UNIQUE CHARACTERISTICS: Pony-sized equine with Appaloosa coat patterns
POAC accepts ponies standing between 46" and 56" tall at maturity. POA ponies can exhibit almost any equine coat color, but must show a visible Appaloosa coat pattern. The eight accepted coat patterns include snowflake, frost, blanket, leopard, white with black spots on hindquarters, marbleized roan pattern, few leopard spot and roan. Ponies with pinto coloration or Paint heritage are not eligible for registration.
POA characteristics are mottled skin, visible sclera around the eyes and striped hooves. Mottled skin can be found on the muzzle, around the eyes, and on the genitals. Although all horses can roll their eyes and exhibit sclera, this feature is readily visible on POA's when they are relaxed. Striped hooves can be exhibited by other breed and coat colors, including pintos and horses with ermine spots. Incidentally, not all POA ponies will have striped hooves.
Since its inception, POAC has made several rules changes including raising the height limits for registration to the current 56" and increasing the number of classes in which adult exhibitors can show POA ponies. Originally bred to be a child's western mount, the POA has gained acceptance in many other disciplines. These brightly colored ponies can be seen competing in dressage, driving, endurance, eventing and jumping.
Their quiet temperament, athleticism and distinctive appearance makes the POA the perfect transition mount for young riders that have outgrown the Shetland, but aren't yet ready for a horse. The Pony of the Americas is such a perfect concept for a breed, it makes us wonder, "Gee, why didn't I think of that!"
PLACE OF ORIGIN: Iowa, USA
AVERAGE HEIGHT: 11.2 to 14 hands
COLORS: Appaloosa coat patterns
INFLUENCES OR ANCESTRY: Appaloosa, Arabian, and Shetland pony
PRIMARY USES: Versatile youth mount
IDENTIFYING FEATURES: Mottled skin, Sclera around the eyes and striped hooves
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We've all had epiphanies. The moment when we realize the significance of a situation. When a seemingly novel idea is so apparent, we question why we didn't think of it ourselves. So be it with the Pony of the Americas.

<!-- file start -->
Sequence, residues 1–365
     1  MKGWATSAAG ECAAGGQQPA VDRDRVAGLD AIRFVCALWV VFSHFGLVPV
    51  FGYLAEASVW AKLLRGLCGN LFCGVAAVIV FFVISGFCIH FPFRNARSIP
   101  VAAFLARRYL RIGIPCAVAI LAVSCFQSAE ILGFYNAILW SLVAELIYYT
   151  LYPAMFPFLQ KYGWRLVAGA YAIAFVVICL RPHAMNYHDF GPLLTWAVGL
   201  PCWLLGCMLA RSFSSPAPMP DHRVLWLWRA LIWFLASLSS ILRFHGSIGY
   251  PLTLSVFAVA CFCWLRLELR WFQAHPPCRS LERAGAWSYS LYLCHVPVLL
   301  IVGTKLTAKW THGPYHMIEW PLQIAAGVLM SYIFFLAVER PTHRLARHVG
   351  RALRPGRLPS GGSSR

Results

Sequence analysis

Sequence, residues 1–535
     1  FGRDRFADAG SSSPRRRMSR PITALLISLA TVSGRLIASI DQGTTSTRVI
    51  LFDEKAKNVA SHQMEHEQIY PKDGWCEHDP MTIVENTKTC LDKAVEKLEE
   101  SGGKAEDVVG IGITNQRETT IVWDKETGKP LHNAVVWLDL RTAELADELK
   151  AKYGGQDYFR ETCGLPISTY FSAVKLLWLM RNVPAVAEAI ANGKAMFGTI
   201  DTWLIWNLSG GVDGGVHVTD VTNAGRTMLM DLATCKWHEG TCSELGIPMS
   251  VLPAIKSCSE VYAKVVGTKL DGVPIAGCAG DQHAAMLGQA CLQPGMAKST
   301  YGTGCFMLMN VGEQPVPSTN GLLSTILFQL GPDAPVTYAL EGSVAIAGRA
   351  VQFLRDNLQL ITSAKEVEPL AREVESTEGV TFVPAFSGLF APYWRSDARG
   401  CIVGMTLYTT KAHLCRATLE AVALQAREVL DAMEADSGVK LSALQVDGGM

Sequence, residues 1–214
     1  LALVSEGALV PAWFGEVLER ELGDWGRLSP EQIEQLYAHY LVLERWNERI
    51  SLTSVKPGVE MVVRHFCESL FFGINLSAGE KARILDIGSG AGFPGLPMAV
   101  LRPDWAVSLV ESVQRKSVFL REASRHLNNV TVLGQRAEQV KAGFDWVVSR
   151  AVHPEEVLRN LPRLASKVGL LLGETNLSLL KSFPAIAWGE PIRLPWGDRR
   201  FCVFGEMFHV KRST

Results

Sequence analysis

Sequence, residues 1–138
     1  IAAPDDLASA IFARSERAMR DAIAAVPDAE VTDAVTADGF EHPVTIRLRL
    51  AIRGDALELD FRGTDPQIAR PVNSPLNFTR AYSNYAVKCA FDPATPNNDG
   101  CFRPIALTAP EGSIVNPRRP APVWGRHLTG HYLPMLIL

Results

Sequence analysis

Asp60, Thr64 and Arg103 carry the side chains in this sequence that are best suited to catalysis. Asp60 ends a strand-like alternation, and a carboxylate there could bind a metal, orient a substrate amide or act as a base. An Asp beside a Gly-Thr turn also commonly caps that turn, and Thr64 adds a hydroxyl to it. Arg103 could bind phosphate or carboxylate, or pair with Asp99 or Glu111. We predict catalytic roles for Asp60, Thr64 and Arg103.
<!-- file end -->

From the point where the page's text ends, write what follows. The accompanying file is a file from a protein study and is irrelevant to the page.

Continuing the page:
Boasting a registry of over 50,000 ponies since it's inception in 1954, the Pony of the Americas has been one of the fastest growing breeds in the United States. And it's no wonder these mid to large-sized ponies, with their distinctive Appaloosa coloration, have become so popular. POA's, as they are often called, are a perfect fit for youth riders looking for an attractive, versatile, athletic and easy-to-train mount.
The concept for the breed was the brainchild of Les Boomhower, an Iowa lawyer and Shetland pony breeder. He was so intrigued by a foal born to a neighbor's mare that Boomhower bought the pair. The foal, a cross between a Shetland stallion and the Appaloosa/Arabian mare Boomhower had purchased, was the size of a pony, had the refinement of the Arabian and the coloration of the Appaloosa. Boomhower soon gathered fellow Shetland pony breeders to his Memory Lane Ranch to discuss his idea for a new pony breed. The Pony of the Americas Club (POAC) was founded and Black Hand, Boomhower's colt, became the first POA to be registered.
The Pony of the Americas Club has remained an open registry since its conception. This means that registration is not only open to the offspring of two registered POA ponies, but also to foals with one POA parent and one purebred parent from one of the approved breeds. Approved breeds include the Connemara, Morgan, Quarter Horse, Appaloosa, Arabian, Australian Palouse Pony and the Thoroughbred. These crossbred offspring are eligible for registration with POAC, providing the foal meets the requirements for height, coat pattern and characteristics.
Likewise, foals resulting from crossing a registered POA with registered Quarter ponies, Half-Arab, Anglo-Arab or Welsh ponies can also be eligible for registration, but are subject to approval. In addition, the POAC allows hardship registration for mares and geldings of unknown ancestry that meet the height, color pattern and POA characteristic requirements. Hardship ponies must pass an inspection before being accepted for registration.